expanded for this major undertaking, requirements for military
equipment, people, aircraft, weapons, bases, submarines, and
communications skyrocketed.

In the Pentagon there are thousands of nondescript offices in
which all sorts of tasks are done. One of these unobtrusive
offices was an Air Force Plans Division office. One day in 1958
two men from the CIA entered that office. After being identified
they were permitted entrance to an interior office that was the
“Focal Point” office for all U.S. Air Force Support of the
clandestine operations of the CIA. I had established that office
in 1955 on orders from Gen. Thomas D. White, then Chief of Staff of
the Air Force. This came about after several meetings with Allen
W. Dulles, the Director of Central Intelligence, and others. When
the CIA men entered that office in 1958, I was still in charge.

The agents outlined the Indonesian Plan, the Philippine support
and training program, and told me about their own special
operations staff that had been put together specifically for this
vast project. Then they urgently requested light bombardment
aircraft and long-range transport aircraft. We decided to take a
number of twin engine B-26 aircraft out of mothball storage, put
them through a retrofit line, and modify them so that they could be
armed with a special 50-caliber machine gun package of eight guns,
in the nose of the plane. This would give the B-26 more firepower
than it ever had during the Korean War or World War II. The
project was given top priority and covered in deep secrecy.
Programs for pilot training and the recruitment of “mercenaries”
were established. [Just as Chauncey Marvin Holt describes refurning the b-26 and other aircraft usage for CIA operations in Guatamala]

Concurrent with our work the CIA was putting together a
“wartime” operational staff. Lt. Gen. Earl Barnes, who had been a
senior air commander during World War II under Gen. Douglas
MacArthur, was brought in to run all clandestine air activities.

At that time Gen. Lyman L. Lemnitzer was Commander in Chief of
the Ryukyu Command on Okinawa. One day he received a call from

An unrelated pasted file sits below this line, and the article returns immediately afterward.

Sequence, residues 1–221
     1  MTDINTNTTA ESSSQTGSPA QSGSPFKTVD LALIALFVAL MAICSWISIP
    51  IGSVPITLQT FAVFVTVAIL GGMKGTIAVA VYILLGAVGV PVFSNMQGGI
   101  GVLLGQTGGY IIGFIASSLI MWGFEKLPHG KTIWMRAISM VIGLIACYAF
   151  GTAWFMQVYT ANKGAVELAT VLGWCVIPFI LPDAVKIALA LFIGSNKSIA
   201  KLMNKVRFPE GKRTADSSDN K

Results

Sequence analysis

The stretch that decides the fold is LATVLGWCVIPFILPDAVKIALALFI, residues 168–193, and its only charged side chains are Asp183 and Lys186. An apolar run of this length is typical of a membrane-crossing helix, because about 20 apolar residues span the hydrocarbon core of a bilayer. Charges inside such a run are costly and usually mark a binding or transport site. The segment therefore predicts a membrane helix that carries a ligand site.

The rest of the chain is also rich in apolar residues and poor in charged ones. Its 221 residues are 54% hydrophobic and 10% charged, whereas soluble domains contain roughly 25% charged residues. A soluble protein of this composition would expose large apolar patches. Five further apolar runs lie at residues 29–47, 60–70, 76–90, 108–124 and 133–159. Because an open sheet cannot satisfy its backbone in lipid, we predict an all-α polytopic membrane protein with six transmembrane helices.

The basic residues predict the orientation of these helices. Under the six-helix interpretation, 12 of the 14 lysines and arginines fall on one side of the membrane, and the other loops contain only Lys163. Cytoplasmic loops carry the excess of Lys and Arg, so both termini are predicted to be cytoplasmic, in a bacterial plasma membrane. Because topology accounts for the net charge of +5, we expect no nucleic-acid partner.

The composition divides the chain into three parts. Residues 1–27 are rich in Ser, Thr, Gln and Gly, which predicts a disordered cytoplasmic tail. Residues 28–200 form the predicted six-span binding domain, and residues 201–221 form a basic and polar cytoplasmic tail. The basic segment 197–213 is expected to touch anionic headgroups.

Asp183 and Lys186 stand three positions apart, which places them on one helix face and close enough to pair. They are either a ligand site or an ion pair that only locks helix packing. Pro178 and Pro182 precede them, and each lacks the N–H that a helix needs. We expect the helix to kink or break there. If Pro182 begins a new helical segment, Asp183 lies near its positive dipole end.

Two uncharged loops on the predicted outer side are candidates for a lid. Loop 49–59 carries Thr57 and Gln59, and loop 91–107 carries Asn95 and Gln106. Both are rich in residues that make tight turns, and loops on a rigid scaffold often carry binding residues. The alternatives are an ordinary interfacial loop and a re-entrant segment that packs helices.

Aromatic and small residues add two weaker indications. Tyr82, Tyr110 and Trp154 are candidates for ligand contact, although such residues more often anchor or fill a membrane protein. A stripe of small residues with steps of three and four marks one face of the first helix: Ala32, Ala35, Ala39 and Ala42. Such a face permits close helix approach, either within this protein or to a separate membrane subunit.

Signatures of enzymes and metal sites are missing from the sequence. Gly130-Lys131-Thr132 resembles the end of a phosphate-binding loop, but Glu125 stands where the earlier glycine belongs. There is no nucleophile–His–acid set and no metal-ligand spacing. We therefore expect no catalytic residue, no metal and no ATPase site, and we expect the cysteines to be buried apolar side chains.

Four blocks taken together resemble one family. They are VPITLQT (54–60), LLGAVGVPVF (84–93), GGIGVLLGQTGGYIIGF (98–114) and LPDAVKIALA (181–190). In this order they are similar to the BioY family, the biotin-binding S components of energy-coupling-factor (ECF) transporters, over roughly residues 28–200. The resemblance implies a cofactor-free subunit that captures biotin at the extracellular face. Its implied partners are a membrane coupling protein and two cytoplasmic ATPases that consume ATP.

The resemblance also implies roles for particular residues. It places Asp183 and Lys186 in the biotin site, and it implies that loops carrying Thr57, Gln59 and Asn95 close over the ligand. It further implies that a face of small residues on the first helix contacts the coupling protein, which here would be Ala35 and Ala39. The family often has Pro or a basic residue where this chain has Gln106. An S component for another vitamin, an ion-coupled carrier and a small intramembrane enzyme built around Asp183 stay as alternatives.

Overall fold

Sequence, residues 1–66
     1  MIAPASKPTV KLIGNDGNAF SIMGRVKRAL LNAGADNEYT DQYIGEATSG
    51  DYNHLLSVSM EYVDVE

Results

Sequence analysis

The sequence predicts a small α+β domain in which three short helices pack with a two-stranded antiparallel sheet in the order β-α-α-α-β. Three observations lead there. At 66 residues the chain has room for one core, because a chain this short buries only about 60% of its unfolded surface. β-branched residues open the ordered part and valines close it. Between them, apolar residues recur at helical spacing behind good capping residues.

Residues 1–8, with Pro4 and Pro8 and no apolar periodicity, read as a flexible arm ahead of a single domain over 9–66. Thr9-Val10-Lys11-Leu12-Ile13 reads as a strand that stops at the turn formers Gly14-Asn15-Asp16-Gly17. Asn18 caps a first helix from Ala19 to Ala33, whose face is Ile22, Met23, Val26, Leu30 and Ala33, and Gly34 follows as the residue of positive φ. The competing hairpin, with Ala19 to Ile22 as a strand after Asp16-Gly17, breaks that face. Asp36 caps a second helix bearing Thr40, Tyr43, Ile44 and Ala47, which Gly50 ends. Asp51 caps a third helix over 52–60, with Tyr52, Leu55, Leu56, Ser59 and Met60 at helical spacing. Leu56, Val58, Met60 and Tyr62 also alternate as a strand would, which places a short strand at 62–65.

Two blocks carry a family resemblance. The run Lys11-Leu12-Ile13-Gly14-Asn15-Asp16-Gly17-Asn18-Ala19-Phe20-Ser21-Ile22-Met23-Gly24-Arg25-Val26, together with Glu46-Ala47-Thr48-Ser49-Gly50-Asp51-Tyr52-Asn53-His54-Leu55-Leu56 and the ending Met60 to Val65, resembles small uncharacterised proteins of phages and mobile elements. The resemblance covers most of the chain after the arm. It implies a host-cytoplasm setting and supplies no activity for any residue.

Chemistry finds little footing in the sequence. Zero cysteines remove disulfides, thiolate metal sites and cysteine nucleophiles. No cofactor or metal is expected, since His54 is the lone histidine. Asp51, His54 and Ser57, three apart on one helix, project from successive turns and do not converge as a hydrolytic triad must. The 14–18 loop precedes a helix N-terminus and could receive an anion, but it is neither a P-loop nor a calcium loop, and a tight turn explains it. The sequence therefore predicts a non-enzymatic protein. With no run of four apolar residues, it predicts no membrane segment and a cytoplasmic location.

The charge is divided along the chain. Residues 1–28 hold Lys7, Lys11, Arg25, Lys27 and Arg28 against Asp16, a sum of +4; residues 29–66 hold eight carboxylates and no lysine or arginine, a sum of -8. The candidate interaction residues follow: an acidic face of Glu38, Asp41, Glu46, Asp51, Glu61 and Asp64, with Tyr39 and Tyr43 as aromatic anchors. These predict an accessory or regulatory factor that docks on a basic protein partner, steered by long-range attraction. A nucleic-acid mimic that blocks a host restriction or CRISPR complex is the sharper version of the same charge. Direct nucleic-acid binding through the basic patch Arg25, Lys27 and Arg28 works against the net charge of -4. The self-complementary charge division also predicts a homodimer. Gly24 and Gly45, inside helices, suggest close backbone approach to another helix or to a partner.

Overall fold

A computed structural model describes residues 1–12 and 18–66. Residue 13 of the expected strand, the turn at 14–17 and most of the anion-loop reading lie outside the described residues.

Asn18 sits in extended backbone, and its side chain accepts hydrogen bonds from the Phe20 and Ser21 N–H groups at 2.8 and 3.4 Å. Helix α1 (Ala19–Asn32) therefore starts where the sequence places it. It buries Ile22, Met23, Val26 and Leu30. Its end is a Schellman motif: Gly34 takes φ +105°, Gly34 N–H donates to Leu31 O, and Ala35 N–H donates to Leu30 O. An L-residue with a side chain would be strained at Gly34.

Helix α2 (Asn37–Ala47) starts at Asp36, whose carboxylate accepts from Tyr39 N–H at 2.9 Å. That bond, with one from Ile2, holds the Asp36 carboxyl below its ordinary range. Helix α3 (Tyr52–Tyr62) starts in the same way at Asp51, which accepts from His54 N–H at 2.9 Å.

General David M. Shoup, the U.S. Marine Commander on Okinawa,
asking if the Army could spare 14,000 rifles for a Marine
requirement. Surprised at the Marine request for such a large
order of guns, Lemnitzer acquiesced nonetheless and ordered the
transfer of these weapons on the condition that they would be
quickly replaced.[1]

ATSUGI Japan and the island of Okinawa

Ed DOnegan asserts the Gang is all there. WWII Pilot and B-26 Escort pilot and recon P-51 pilot James Donegan, Prouty and some WWII bombers going out the door to Indonesia.

High on the ridge line of central Okinawa overlooking the city
of Naha there was a modest size “Army” installation that hustled
with considerable activity. This was the main CIA operational base
in the Far East. It was under the direction of Ted Shannon, one of
the Agency’s most powerful agents. It was Shannon’s office that
had actually requested 42,000 rifles from General Shoup and since
the order was so large Shoup had been unable to supply them, and
had therefore borrowed 14,000 from the Army.

On nearby Taiwan, the CIA had another large facility — a “Navy”
base known as the Naval Auxiliary Communication Center (NACC).
This “Comm Center” controlled a large and very active air base a
few miles south of Taiwan’s capital, Taipei, and the huge Air
America facilities near Taipei and the city of Tainan.

The B-26 bombers were ready to fly and a special ferrying
arrangement was made with the Air Force to fly them across the
Pacific to the Philippines and Menado.